The Karadan Encounter
Julia Ann Charpentier
The Karadan Encounter opens on a desolate road near Zion National Park and features both a farfetched tale of extraterrestrial visitation amid a fight for natural resources on Earth and a believable story of love at first sight with a humanoid alien. Among other repugnant things, the story also involves a lobsterlike species that can rip its prey to pieces.
High in entertainment value but lacking in technical credibility, this imaginative science-fiction novel will delight fans of the old monster movies that starred oversized crustaceans or gigantic insects. Despite the silly behavior of heroine, Courtney Sayers, an anesthesiologist in her fifties who behaves like an adolescent with an instantaneous crush on a strange man, the book is truly difficult to put down. Written with an appealing sense of humor, even though it veers into immaturity at times, the story will capture genre enthusiasts and hold them for the duration of the fast-paced plot.
Courtney’s desire to assist Zak, the injured captain she discovers, is understandable; but her immediate willingness to help him on his mission to protect the planet may not seem believable to the reader, especially since she has no way of knowing that she can trust him. She boards his aircraft, meets Kaalix (a computer guidance system derived from brain tissue), and follows orders without any serious apprehension. Their goal as a newly formed team is to rescue another of the ship’s officer from the Flawtl, who are aliens embedded in “hives” under the earth’s surface where they seek out minerals, before they methodically mutilate him to death.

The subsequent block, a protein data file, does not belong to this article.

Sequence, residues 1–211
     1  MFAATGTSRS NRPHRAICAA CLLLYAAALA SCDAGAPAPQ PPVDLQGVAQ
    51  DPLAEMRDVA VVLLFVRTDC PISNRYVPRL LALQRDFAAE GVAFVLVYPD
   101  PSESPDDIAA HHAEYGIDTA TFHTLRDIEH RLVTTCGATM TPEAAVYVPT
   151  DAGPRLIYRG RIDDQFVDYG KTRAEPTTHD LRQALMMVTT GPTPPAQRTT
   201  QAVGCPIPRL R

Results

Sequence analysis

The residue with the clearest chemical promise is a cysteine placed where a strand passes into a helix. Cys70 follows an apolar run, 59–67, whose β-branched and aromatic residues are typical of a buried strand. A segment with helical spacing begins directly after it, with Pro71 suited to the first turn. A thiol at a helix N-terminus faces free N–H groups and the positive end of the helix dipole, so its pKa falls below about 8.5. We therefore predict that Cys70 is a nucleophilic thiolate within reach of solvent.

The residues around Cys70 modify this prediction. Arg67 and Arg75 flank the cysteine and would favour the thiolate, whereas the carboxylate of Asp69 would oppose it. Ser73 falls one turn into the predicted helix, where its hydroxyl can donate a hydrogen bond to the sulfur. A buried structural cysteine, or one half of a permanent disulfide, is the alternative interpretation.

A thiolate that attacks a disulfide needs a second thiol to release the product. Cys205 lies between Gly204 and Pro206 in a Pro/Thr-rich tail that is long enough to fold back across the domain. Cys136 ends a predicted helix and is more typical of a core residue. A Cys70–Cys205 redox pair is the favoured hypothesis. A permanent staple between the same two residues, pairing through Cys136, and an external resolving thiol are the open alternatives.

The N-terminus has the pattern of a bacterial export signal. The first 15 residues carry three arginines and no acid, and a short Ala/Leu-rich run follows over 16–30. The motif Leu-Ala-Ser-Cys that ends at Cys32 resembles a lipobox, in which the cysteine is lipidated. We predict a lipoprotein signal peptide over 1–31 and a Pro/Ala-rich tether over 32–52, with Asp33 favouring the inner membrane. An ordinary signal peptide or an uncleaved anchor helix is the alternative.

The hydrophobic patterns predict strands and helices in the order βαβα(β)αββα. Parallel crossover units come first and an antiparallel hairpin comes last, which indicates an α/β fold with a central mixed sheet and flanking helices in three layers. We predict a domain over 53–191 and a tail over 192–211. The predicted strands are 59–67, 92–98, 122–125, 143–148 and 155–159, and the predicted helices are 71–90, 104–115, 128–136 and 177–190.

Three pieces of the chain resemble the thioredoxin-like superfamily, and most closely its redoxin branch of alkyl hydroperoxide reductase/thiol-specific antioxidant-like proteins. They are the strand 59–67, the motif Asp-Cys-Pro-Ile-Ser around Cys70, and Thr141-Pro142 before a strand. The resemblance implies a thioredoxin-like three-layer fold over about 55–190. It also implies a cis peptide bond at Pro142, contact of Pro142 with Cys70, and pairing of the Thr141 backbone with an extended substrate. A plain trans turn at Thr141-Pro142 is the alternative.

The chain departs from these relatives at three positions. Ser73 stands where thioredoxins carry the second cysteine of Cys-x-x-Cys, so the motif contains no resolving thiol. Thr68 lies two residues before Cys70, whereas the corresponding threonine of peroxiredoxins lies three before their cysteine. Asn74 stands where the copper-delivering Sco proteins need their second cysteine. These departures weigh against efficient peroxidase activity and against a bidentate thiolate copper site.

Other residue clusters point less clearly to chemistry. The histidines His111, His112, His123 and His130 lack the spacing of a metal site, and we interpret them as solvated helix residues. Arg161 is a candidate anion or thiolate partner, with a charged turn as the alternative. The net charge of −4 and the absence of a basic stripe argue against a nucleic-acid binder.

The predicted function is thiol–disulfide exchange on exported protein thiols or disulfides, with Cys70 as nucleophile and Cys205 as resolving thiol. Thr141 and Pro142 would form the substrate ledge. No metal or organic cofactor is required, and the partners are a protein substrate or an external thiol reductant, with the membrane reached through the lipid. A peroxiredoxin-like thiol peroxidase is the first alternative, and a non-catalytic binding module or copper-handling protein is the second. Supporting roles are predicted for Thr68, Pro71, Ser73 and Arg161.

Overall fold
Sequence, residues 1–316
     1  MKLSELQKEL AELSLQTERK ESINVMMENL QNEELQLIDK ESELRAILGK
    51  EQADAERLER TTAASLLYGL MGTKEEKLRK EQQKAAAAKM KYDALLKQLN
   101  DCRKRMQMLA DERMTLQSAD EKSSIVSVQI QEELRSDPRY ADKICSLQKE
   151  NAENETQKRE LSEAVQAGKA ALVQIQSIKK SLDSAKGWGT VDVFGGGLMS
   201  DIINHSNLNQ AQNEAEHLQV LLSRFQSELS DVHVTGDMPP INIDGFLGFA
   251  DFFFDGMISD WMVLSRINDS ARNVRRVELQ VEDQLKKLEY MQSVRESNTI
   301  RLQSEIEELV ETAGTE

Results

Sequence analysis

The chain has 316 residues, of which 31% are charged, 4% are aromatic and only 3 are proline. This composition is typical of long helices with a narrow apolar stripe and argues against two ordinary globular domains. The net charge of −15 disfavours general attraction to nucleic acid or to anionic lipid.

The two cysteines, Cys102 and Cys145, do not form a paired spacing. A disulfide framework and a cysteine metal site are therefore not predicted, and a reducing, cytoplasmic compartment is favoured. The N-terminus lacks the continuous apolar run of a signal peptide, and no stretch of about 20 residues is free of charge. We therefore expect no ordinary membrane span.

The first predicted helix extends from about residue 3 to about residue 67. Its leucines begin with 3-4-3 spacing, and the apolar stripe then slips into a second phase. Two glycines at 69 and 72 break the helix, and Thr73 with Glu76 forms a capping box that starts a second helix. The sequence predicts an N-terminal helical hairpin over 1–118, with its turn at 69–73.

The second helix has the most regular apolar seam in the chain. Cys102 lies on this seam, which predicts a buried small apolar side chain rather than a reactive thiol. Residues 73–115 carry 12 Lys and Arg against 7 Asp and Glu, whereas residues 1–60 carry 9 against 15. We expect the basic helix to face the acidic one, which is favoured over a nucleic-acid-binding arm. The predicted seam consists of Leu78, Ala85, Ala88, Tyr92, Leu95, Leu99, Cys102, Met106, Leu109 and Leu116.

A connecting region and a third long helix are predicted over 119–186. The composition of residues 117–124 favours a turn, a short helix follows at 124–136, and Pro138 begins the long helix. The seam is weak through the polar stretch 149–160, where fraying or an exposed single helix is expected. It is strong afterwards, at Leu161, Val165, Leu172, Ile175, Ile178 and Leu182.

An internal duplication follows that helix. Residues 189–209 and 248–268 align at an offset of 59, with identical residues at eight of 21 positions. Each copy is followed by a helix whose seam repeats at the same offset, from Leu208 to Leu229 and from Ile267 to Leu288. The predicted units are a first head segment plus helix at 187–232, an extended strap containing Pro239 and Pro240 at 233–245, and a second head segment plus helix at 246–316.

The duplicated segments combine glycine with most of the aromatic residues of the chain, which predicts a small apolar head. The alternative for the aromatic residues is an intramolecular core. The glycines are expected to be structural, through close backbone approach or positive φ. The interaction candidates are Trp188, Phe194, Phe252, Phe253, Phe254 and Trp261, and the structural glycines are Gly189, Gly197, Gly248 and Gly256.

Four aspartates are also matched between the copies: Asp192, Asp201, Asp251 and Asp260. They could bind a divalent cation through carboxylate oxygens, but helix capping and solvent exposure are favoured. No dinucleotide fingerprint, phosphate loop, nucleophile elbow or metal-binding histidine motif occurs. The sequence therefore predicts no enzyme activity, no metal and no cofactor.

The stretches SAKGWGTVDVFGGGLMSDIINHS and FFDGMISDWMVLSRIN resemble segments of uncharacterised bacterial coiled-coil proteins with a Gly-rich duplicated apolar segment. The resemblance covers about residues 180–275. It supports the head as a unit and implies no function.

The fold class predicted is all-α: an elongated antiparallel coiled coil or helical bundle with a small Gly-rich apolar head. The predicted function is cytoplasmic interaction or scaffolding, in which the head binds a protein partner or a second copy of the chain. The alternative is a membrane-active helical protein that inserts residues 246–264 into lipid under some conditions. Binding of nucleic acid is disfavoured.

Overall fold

The battle scenes are straight from giant pincer hell, for the formidable creatures are capable of dismembering and then slowly consuming their semiconscious captives: “Most of his face was gone, as were his arms, legs, and genitals, as well as an awful lot of skin. What was left of him was floating in clear fluid. There were tubes coming from the side of his neck.”
Occasionally Courtney lapses into casual musing, which provides introspective detail that does not advance the story: “Now for shopping. I stood at the main entrance of the mall and checked the directory. Where should I start?” With greater attention to detail and some editing to tighten up the story, F. C. Young’s strong debut effort would be even better.
An eye-catching cover depicting a woman near an unidentified metal structure and a riveting excerpt from the first chapter on the back cover draw the reader into the story. Enriched with powerful weapons, healing chambers, and out-of-this-world sex, the book teeters between an intellectual what-if scenario and a grotesque I’m-going-to-eat-you tale. This creative duality is part of The Karadan Encounter’s appeal.
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